DETROIT – Rolls-Royce Motor Cars Ltd. is showing off a new extended-wheelbase version of the Phantom sedan here that will be launched in North America by the end of 2006.

It promises to follow up with a new convertible that will go into production in 2007.

Most auto makers sell more cars in an afternoon than Rolls-Royce sells in a year, but in the rarified air of $180,000 stickers and up, the auto maker says its Phantom left direct competitors such as Mercedes-Benz's Maybach in the dust with 796 retail sales last year.

The Phantom starts at $329,000. Sales in countries as diverse as Cambodia, Bulgaria and Uzbekistan helped drive sales to a 15-year high, says CEO Ian Robertson, although the U.S. still accounts for 50% of global sales.

Extended-wheelbase Phantom

The auto maker's No.1 dealership is in Beverly Hills, CA, but the rest of its top five retailers are based in Tokyo, London and the two United Arab Emirates cities of Dubai and Abu Dhabi, respectively, Robertson says.

“We have enjoyed another strong year, with the Phantom now clearly established and the foundations laid for the launch of our new products over the coming months, further increasing our lead over the competition,” he says.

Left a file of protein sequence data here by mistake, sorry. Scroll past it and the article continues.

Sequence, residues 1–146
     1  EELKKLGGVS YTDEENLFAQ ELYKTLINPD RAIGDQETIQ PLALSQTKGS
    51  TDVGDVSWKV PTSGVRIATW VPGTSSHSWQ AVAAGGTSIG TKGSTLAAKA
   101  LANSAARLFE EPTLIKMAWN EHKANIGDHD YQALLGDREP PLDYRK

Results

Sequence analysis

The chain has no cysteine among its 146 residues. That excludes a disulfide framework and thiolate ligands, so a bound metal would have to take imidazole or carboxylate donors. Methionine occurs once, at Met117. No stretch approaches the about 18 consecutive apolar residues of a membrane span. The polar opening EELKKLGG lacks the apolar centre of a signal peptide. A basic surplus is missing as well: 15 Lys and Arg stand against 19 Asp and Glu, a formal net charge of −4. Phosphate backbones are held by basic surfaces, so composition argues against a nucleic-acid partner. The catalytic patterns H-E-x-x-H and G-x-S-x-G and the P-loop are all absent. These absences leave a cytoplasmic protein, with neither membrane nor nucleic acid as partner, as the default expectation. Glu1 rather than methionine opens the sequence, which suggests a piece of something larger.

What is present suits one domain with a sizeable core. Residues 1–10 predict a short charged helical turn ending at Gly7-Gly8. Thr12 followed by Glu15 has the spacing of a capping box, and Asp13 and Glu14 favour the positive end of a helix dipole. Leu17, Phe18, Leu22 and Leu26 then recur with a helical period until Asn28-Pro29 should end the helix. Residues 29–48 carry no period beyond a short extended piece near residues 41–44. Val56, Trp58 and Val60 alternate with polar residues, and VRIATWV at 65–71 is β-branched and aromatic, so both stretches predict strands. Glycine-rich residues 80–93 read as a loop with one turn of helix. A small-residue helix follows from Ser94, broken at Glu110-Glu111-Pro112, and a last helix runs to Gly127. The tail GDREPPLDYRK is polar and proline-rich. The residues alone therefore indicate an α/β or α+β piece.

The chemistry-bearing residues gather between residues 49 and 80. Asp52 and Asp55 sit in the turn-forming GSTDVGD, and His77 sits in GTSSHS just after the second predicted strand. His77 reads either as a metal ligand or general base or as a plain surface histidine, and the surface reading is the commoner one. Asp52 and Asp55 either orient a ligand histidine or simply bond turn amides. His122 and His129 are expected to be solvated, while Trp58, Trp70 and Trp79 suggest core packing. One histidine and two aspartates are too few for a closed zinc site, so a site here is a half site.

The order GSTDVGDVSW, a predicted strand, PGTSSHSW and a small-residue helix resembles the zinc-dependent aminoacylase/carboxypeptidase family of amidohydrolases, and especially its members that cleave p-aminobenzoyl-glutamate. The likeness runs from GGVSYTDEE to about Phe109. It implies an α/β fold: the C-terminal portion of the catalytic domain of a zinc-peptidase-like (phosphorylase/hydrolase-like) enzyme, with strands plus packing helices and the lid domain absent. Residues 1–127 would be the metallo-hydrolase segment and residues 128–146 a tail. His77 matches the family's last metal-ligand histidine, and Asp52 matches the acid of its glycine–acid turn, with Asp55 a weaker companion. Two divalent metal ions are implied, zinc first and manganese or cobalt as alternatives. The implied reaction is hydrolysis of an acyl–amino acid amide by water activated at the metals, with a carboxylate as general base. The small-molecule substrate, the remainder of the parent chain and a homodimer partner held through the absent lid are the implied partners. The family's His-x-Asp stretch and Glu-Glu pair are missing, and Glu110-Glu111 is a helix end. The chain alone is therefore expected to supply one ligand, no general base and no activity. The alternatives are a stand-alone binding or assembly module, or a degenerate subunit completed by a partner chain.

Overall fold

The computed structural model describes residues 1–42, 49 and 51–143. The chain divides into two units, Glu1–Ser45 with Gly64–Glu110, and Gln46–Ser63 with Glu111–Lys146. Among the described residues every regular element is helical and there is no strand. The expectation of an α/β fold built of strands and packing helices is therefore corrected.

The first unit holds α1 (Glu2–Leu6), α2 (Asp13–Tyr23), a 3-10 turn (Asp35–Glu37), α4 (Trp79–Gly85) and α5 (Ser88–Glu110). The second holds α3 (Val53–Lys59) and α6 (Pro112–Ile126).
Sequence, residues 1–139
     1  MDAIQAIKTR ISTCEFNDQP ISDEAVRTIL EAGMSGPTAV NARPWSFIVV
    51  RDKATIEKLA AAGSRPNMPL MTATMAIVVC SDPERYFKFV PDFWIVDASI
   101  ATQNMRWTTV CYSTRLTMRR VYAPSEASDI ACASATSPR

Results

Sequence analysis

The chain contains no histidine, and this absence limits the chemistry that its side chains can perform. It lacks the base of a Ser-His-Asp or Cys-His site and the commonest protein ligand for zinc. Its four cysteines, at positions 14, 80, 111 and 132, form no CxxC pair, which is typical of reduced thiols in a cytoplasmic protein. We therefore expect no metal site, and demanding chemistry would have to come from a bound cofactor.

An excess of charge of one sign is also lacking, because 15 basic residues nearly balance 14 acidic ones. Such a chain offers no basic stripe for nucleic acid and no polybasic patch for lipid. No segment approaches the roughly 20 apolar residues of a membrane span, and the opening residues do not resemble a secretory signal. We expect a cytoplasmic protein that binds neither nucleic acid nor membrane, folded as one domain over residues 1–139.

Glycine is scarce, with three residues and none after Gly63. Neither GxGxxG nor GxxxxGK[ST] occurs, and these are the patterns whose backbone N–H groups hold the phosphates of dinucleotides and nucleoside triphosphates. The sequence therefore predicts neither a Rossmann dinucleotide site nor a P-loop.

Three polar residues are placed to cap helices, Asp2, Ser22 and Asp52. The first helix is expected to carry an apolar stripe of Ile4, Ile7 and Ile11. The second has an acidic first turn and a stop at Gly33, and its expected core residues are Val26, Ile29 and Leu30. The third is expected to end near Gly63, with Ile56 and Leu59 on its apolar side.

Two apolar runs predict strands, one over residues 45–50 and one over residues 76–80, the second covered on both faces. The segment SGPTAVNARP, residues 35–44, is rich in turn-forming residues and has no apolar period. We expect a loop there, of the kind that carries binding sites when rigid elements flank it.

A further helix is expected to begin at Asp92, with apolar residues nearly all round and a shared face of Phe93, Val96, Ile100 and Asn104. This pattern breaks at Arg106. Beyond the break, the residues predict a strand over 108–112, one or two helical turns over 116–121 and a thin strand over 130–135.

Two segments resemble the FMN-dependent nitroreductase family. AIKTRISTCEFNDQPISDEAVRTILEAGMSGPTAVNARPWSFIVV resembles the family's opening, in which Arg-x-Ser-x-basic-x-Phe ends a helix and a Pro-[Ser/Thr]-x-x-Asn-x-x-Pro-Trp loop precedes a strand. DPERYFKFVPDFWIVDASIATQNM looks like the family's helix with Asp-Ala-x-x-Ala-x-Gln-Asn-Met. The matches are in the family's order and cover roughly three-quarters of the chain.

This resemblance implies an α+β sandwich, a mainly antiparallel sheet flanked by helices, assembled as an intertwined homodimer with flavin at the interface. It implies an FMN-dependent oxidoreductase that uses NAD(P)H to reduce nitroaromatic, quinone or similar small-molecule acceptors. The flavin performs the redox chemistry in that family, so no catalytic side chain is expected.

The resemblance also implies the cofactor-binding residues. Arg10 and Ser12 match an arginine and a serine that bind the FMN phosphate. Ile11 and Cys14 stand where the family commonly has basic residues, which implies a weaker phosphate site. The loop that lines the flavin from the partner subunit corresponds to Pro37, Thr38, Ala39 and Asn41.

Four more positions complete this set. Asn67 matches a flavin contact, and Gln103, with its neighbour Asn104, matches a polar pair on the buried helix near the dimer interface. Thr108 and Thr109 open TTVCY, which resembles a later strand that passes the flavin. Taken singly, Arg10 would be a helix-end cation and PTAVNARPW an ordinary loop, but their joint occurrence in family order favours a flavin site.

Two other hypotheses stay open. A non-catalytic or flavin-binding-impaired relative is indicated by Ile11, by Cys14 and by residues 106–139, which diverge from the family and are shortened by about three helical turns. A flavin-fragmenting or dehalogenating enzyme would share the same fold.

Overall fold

The Phantom is changing the typical profile of Rolls-Royce buyers. They are much younger, drive their cars a great deal more and request many more bespoke features than expected, Robertson tells reporters at the North American International Auto Show here.

The average age of Rolls-Royce customers has dropped from about 61 to just over 50, he says, and the cars now are driven about 6,000 miles (9,656 km) a year compared with traditional Rolls-Royce owners, who only drive their cars an average of 2,000 miles (3,219 km) per year.

Some owners now drive their cars as much as 30,000 miles (48,279 km) annually, and a significant number of new buyers are in their 20s or 30s, he adds.

The new extended-wheelbase Phantom on display here has 10 in. (25 cm) added to the wheelbase behind the B-pillar, which offers additional interior space for rear occupants. It is an attractive feature to owners who want to be chauffeured, Robertson says.

Rolls-Royce says extending the wheelbase of the Phantom is particularly easy because the car is built on an aluminum spaceframe. Most cars are extended by cutting and re-welding the car's steel body shell.

However, in the case of the Phantom, the extruded aluminum frame rails are simply replaced with longer versions, Robertson says.